Systemic autoimmune diseases and vulnerability to the novel Coronavirus

People with systemic autoimmune diseases, such as Systemic Lupus Erythematosus, do not appear to be at a higher risk of contracting the SARS-CoV-2 virus than the rest of the population. This is suggested by the study authored by researchers at the University of Florence and published in the scientific journal Autoimmunity Reviews, which took into consideration a large group of Tuscan patients.

The study was conducted by the team coordinated by Domenico Prisco, at the Centre dedicated to systemic autoimmune diseases of the Careggi university-hospital and involved researchers from the Departments of Experimental and Clinical Medicine, Biomedical, Experimental and Clinical Sciences and of Neuroscience, Psychology, Drug Research and Child Health.

In the first half of April, the researchers contacted 458 individuals affected by systemic autoimmune diseases, to compare the presence of patients with SARS-CoV-2 infection, diagnosed with nasopharyngeal swab, among them with that found in the general population residing in the same region of Tuscany.

“In the study we considered a very wide spectrum of systemic autoimmune diseases, connective tissue diseases (in particular Systemic Lupus Erythematosus), arthritis and systemic vasculitis, but we also involved patients suffering from auto-inflammatory diseases such as Familial Mediterranean fever, recurrent pericarditis and uveitis,” explains Giacomo Emmi, researcher of Internal Medicine.

Of the patients contacted by the team — mostly women and with an average age of 56–13 reported suspicious symptoms of SARS-CoV-2 infection, seven underwent nasopharyngeal swab and, among them, one patient subsequently developed a severe symptomatic infection that required hospitalization.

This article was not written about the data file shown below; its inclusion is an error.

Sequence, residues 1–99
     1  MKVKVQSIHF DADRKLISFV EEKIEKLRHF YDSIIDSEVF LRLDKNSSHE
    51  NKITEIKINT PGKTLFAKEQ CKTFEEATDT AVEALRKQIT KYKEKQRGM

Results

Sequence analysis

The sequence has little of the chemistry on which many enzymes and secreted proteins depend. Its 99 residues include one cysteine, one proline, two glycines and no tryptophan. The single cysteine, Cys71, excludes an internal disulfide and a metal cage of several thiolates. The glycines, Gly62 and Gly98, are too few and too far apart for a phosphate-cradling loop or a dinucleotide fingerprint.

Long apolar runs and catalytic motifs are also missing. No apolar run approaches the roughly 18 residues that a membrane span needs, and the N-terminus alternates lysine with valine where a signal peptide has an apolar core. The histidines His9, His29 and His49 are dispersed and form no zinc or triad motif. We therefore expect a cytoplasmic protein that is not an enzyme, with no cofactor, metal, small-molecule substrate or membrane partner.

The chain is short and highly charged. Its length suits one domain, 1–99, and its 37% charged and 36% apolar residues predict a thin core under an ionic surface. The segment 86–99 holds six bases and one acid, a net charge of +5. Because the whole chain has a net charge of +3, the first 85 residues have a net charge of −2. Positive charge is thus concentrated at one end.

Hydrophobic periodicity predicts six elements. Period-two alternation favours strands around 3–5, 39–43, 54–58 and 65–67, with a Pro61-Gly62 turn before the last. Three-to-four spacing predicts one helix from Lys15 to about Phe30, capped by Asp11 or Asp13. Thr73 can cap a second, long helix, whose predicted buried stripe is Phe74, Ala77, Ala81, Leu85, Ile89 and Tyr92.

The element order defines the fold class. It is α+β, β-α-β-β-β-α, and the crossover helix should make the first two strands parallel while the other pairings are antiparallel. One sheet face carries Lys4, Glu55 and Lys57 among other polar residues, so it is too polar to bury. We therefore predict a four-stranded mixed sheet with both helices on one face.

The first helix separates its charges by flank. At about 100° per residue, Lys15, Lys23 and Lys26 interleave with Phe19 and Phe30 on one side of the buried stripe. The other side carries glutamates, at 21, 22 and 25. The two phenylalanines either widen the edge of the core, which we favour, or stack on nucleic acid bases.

“The survey, which is based on a very large sample, showed that in our cohort the prevalence of infections due to the new Coronavirus was 0.22% which is comparable to the prevalence of SARS infections- CoV-2 detected in the population residing in Tuscany (0.20%) and comparable also to the incidence in the Italian and European population, in the period taken into consideration,” adds Emmi.

“Another evidence that emerged is that in patients with lowered immune defences, a situation related to the control of systemic autoimmune disease, we have not verified manifestations compatible with SARS-CoV-2 infection. Although we have not yet confirmed the protective efficacy of immunosuppressive therapies our results meanwhile suggest that, in case of SARS-CoV-2 contagion, there is no need to stop the ongoing therapies for autoimmune systemic diseases in place,” comments Domenico Prisco.




The University of Florence is an important and influential centre for research and higher training in Italy

Love podcasts or audiobooks? Learn on the go with our new app.

Recommended from Medium

Red Meat Shows the Flaws in Nutritional Research

Why Nursing Homes Are Losing Against COVID-19

6 Tips to Tackle Menstrual Migraines

Pandemic Reads 1

Study shows many individuals do not about when their fertility declines

Why Should You Go to a Wellness Center?

Two absolute recommendations, if implemented will help India win the war on covid 19.

a women with a mask on face

How To Relieve Lower Back Pain:

Get the Medium app

A button that says 'Download on the App Store', and if clicked it will lead you to the iOS App store
A button that says 'Get it on, Google Play', and if clicked it will lead you to the Google Play store
University of Florence

University of Florence

The University of Florence is an important and influential centre for research and higher training in Italy

More from Medium

Caffeine is a Must!

Medium’s wake up call to write more

Why Do You Eat Plastic Every Time You Eat A Mussel?

Social Media vs My Southern Accent